What are composite and multi-age classes?

Good question! Both a composite class and a multi-age class are comprised of students of different ages and stages of learning. They are different to a straight year group class; for example, the Year 2 class only has children who are seven years of age.

Before we get started, it is useful to understand a composite or multi-age class isn’t anything new, in fact the history of education is full of examples where a single teacher has taught a group of students of different ages and stages. Like many things today, as we learned more and accumulated greater wealth or access to resources, some societies and communities were able to develop schools, classrooms, and the age based year levels we now view as the ‘norm’ . There are still many places in the world where children are taught in the safest learning space possible, maximising any available resources, and led by someone willing to pass on knowledge (sometimes qualified, sometimes not) regardless of year levels and age structures.

So what are they exactly?

A composite (or split-year class) class is a combination of children from two or more grade levels in the same classroom. While it can involve more than two years in the same class, the most common configuration is a split between two consecutive grade years – so Years 1 and 2, 2 and 3, and so on. In many schools where it is used, it may not be an intentional learning approach but a solution to enrolment patterns and available resources.

A multi-age class is similar but slightly different in application; it is more often the deliberate mixing of children from various age groups of more than one year in the one class. Multi-age groupings are also known by other terms, e.g. vertical, family and heterogeneous groupings. A big difference is the teacher and class often stay together for more than one year; that is, they move through the learning process together unlike the composite class where the teacher stays but the class changes each year.

Both terms can be used interchangeably along with a number of other terms like split-year, split-grade, combined, non-graded, multi-grade, and so on.

Key points

  • combining students of different ages and stages is common around the world
  • “multi-age”, “multi-grade”, “split-grade”, “mixed-grade”, “combined” or “non-graded” classrooms are all terms to define classes in which students of varying ages, abilities, or interests might be grouped together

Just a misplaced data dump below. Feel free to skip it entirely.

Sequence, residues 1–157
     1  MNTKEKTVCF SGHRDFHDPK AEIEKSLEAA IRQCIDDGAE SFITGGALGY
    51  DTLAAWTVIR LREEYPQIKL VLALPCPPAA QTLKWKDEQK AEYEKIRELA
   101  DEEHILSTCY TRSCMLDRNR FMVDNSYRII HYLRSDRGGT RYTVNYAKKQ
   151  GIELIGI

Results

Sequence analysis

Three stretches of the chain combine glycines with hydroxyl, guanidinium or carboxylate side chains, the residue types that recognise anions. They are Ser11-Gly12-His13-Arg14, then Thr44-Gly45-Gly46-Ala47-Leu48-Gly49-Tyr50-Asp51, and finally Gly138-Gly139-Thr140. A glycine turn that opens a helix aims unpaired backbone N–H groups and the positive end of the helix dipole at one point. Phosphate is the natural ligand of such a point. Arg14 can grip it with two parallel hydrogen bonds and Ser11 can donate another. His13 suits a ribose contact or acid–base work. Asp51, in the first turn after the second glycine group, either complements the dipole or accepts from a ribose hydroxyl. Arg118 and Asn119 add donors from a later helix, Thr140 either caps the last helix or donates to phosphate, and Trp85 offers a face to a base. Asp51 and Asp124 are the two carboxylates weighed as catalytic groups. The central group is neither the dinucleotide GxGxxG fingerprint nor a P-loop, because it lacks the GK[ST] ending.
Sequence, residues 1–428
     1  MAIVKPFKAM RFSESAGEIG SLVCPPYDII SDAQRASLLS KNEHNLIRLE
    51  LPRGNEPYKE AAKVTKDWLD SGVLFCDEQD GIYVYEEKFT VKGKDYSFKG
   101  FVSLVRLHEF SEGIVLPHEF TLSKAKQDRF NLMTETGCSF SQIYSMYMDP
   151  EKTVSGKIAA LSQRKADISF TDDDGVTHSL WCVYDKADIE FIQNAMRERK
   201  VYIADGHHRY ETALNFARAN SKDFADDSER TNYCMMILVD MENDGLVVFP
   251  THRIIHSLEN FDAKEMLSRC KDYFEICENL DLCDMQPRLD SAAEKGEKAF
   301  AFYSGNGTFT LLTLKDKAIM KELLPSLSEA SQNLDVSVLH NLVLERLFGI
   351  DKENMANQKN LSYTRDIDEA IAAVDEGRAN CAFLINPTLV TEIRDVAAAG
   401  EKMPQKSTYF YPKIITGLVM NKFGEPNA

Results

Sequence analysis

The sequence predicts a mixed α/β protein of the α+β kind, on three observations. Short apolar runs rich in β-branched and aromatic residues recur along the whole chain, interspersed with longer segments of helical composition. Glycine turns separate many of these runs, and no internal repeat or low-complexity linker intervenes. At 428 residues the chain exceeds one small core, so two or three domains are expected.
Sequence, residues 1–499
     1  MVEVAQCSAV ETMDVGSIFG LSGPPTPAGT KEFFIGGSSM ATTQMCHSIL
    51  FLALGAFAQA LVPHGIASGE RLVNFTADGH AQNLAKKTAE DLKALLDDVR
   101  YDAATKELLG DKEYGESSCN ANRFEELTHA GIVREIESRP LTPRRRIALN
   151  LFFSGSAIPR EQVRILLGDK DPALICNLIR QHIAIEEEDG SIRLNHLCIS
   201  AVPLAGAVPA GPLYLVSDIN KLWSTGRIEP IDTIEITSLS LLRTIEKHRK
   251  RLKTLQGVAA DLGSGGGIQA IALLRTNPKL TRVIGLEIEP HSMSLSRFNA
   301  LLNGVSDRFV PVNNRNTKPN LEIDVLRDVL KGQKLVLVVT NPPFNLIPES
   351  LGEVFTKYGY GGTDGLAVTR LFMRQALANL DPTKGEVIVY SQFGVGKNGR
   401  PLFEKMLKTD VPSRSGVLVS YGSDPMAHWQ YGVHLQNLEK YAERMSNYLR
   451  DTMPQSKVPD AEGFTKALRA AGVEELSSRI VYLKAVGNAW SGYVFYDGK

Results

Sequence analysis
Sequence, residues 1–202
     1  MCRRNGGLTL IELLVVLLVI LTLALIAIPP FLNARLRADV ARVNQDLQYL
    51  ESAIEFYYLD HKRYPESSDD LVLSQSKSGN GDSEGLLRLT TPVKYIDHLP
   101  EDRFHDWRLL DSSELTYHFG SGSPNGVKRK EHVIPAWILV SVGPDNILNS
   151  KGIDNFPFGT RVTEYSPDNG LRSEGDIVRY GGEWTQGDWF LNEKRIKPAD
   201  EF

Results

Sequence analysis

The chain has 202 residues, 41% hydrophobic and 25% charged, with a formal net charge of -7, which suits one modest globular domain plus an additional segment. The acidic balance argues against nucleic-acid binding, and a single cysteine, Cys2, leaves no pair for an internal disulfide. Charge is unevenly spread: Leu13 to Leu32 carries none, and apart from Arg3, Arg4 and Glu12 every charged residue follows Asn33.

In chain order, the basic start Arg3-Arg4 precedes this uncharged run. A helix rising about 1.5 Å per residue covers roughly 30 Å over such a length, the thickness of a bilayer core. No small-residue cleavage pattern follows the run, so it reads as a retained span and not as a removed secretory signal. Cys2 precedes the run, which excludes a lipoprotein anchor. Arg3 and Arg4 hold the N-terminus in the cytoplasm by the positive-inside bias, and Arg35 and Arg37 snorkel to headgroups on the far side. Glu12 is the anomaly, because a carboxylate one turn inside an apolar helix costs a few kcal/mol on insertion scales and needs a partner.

• the structure doesn’t really matter, schools should be providing a “differentiated” curriculum anyway: one that caters to all children as individuals, according to their needs
  • a particular structure – single years, multi-age, etc – does not result in a better results over another
  • negative perceptions are more likely due to school marketing – parents being told they are either good or bad depending on the schools administrative need rather than a curriculum imperative

What does the research tell us – are they good or bad?

Much research has been undertaken in primary schools and this tends to find there is no discernible difference between composite and straight grade classrooms in terms of academic performance. There are benefits relating to student independence, responsibility and study habits, for example, younger children in a composite class generally look to achieve as well as the older children in their work, and older children enjoy leadership and mentoring opportunities which lift their self-esteem. Composite classrooms can be more flexible by allowing children to work at their own pace, offer a wider range of friendship opportunities, and encourage more co-operation and tolerance.

The research does not find a particular structure is better however many parents may have a negative perception of ‘mixed’ classes. According to the experts, education is about more than academic achievement and age is not necessarily an accurate predictor of a child’s development. Others point out that wide-ranging student abilities exist in children of the same age, and not just in composite grades. Some say that cynicism about multi-age classrooms exists because schools tend to incorporate them for administrative convenience, rather than out of philosophical commitment; instilling the view that they are “second rate”.

As a parting thought, as we move into 2020 and beyond, are classrooms relevant? Maybe your child won’t/doesn’t need a classroom, some food for thought!

More resources